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Eruvin 48: The Forearm of Og, King of the Bashan

Some inner workings of the beit midrash: Amoraim on tannaitic statements – a need to separate a residential area and a water-cooled ditch. And then R. Yosi bar R. Hanina laughed at the manner of separation… leaving the Gemara to figure out why he was laughing. Also: Among the discussion of how far one has to carry, the Gemara address the basis for “4 amot” – 3 amot for a person’s space and an extra amah to bend and maneuver as needed. But are those amot objective distances or specific to each person’s own measurements? There are advantages either way, but R. Papa notes how time-consuming it would be to determine objective measurements all the day long. The subjective measurements are, of course, relevant to the maneuvering a person needs with regard to techum and 4 amot. Plus: If you have 2 outer courtyards and one in the middle, the external ones can’t carry to the middle one. But that flies in the face of what the eruv is supposed to be doing! So what case would fulfill the details so that it would make sense? To what extent do the participants consider the whole space one joint space? If the eruv itself is divided among the homes, that’s not considered joint. Or does being in the same official domain make it a joint eruv?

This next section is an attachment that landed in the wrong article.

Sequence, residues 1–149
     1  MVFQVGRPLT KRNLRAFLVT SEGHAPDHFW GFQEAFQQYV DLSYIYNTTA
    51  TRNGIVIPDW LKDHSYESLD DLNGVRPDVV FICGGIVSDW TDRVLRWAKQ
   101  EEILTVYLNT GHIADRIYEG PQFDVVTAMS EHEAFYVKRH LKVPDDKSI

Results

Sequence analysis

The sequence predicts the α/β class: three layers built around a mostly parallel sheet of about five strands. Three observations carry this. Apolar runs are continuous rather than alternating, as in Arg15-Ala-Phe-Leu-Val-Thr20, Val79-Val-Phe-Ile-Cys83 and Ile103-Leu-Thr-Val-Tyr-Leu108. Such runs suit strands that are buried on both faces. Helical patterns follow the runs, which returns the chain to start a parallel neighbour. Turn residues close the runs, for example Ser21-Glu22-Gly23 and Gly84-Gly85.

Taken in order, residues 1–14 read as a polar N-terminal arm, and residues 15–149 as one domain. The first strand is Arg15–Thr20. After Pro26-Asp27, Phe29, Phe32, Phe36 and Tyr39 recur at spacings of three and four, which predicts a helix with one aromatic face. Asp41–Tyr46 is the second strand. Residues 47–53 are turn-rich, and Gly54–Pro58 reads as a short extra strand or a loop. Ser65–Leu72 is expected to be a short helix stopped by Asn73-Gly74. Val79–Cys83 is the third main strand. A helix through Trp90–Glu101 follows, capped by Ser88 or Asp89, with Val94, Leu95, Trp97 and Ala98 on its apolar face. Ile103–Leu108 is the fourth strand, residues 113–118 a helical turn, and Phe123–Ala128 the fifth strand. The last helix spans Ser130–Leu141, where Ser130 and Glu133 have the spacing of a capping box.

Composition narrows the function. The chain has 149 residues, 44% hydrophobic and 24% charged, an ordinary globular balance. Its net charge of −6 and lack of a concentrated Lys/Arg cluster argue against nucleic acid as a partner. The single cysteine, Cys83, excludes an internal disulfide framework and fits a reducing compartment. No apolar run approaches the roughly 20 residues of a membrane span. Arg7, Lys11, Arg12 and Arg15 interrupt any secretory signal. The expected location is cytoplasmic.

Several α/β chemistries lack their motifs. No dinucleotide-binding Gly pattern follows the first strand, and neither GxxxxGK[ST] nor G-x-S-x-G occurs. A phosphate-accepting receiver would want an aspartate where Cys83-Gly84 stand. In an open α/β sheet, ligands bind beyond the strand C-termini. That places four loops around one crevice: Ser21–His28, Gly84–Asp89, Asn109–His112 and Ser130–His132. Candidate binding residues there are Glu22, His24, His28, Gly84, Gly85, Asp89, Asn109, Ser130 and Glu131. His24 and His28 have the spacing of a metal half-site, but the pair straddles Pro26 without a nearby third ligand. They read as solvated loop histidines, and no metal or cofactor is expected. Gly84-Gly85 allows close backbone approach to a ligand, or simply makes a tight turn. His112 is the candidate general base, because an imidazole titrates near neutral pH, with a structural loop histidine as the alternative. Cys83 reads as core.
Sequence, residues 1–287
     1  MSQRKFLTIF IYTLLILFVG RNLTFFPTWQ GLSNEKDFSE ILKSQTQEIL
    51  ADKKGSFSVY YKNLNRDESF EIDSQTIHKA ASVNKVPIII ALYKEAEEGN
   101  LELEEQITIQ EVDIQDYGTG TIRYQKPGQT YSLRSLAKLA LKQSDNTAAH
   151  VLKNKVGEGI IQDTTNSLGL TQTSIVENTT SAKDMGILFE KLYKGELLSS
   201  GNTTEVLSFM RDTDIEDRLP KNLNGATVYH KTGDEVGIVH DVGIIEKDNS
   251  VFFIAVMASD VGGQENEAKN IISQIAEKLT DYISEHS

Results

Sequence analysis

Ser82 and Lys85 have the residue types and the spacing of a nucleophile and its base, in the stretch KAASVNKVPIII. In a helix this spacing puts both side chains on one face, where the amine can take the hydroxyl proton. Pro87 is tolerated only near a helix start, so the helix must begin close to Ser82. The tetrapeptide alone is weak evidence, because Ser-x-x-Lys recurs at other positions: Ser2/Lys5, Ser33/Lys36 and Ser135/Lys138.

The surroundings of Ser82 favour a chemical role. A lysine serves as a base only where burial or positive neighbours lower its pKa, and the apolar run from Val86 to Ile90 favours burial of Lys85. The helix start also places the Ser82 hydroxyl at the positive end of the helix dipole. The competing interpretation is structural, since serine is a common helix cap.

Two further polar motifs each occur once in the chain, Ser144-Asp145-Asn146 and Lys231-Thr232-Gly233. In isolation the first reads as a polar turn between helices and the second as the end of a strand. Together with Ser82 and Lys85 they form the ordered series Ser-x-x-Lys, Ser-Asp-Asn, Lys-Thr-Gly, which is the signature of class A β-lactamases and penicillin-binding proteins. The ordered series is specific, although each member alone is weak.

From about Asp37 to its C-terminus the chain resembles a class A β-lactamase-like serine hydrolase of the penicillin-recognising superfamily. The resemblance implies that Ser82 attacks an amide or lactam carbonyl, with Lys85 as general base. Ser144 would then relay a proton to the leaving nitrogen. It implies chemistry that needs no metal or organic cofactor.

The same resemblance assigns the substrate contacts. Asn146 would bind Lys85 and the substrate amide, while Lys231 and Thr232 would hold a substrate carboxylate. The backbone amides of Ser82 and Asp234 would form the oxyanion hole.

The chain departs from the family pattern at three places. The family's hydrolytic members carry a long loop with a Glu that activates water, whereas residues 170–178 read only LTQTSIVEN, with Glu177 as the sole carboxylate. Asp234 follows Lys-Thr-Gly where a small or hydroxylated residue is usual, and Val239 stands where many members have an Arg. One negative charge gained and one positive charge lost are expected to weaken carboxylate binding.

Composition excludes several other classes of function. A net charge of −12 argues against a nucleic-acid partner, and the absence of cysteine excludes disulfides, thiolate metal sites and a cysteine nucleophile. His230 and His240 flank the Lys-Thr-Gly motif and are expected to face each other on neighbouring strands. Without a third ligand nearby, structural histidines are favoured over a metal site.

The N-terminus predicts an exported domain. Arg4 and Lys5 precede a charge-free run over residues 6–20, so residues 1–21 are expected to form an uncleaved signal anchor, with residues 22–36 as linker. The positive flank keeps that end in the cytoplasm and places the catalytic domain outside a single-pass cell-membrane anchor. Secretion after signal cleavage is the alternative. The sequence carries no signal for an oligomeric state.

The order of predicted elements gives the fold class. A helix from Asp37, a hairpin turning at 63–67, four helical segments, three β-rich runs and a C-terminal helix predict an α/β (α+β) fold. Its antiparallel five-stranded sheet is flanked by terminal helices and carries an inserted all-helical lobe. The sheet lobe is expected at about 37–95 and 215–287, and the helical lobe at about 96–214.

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Anne and Yardaena

Anne Gordon is the deputy editor of Ops & Blogs at The Times of Israel. She is a veteran educator, having taught in high school and post-high school institutions in Israel and America for several decades. Yardaena Osband is a pediatrician and teaches in her community and online. They both hail from Boston, proud alumna of Maimonides School, where they first learned Gemara. Talking Talmud is their conversation (via podcast) on the daf yomi. They say: "Learning the daf? We have something for you to think about. Not learning the daf? We have something for you to think about! (Along with a taste of the daf...) Join the conversation with us!"
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